William Hempfling of Manorville recalls his frequent-flyer courtship with his wife, Erna Alant.
In February 2013, my wife, Anne, was diagnosed with acute myeloid leukemia. After an eight-month battle, she died. I was 66 years old at that time and thought that I would spend the rest of my life alone.
After some time and at the urging of friends, I placed a profile on a dating site, SeniorMatch.com, geared for seniors. I was looking for companionship, someone to have dinner with, have conversations or go to a show.
Shortly after going on the site, I received a response from a woman named Erna Alant who lived in Indiana, where she was a professor at Indiana University. As we began corresponding with each other, Erna mentioned her husband, Tony, had died just days before my wife. She had posted her profile on the senior website at the urging of her two adult children. Like me, she was lonely and looking for companionship.
We exchanged a number of emails, then finally connected via the telephone. Initially, I had a difficult time understanding her accent as she is an Afrikaner, originally from South Africa. Erna left South Africa in 2009 to accept her professorship at the university. During our initial conversations, we shared our feelings about losing our spouses and details regarding our families.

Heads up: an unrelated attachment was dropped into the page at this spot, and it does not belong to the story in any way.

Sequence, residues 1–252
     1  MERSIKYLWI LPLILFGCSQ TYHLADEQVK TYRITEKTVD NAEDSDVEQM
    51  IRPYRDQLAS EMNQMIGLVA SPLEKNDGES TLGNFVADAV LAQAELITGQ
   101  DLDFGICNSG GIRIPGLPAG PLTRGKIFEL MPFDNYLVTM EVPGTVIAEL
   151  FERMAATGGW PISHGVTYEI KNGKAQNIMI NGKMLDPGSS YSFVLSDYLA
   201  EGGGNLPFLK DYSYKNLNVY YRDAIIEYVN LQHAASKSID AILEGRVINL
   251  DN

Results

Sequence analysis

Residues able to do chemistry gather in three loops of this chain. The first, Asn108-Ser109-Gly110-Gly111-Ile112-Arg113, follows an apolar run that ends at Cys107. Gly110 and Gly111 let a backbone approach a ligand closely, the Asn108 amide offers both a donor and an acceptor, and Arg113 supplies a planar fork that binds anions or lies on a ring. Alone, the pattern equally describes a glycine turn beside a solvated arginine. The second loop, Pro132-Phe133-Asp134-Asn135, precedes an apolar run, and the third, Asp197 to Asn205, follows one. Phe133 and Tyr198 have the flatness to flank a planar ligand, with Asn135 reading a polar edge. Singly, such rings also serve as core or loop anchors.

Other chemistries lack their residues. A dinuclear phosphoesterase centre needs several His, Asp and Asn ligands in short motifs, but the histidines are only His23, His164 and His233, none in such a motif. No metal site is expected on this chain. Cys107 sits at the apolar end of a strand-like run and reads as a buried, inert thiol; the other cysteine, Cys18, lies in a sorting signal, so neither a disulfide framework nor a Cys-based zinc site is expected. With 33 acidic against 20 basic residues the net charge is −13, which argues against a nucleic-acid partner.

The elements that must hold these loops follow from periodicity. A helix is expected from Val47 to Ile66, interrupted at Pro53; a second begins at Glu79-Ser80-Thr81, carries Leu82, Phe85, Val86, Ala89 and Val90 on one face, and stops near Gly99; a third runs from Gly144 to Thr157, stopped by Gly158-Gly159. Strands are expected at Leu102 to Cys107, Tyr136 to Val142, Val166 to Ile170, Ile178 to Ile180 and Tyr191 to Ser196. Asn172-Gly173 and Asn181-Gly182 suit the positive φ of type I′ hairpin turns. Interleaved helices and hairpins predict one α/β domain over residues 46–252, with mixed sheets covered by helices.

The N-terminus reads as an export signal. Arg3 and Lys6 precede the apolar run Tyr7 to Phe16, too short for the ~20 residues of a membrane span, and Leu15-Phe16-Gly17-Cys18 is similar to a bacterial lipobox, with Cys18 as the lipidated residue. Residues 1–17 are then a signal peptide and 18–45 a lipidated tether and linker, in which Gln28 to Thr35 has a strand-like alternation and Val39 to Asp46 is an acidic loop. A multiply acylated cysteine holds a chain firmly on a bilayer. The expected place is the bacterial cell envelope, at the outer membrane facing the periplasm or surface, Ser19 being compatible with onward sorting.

After several weeks of writing and long phone conversations, we agreed it would be nice to meet in person. I flew out to Indiana, and we spent a long weekend taking walks, going out to eat and getting to know each other better. At the end of the weekend, we discussed the possibility of and the difficulties associated with a long-distance relationship. We decided to give it a try!
So began many, many trips on Southwest Airlines for both of us, shuttling back and forth between my home in East Moriches and Bloomington, Indiana. Erna met my three kids and five grandkids here on Long Island, and everyone hit it off. We flew to South Africa so I could meet her daughter, brothers and parents. We also traveled to London to spend time with her son, who was studying at the University College of London.
On Sept. 26, 2017, we were married in a civil ceremony in Bloomington. Erna and I followed up with a celebration that December, when we hosted a small get-together at her home for her close Bloomington friends, her two children and their significant others. We again exchanged our vows, this time with a minister officiating.
A few weeks later, we flew back to Long Island with her kids and hosted our third celebration, a luncheon, with my family and friends.
After Erna retired from Indiana University in April, we purchased a condo in Manorville where we have started our life together.
She began a consulting practice specializing in augmentative and alternative communications. She works with teachers and parents of children with disabilities in school districts throughout the metropolitan area.
I retired in 2009 from my position as the director of human resources at Brookhaven National Laboratoryand started my labor arbitration practice.
This past July, we flew out of the country for a fourth celebration with her family and friends residing in South Africa.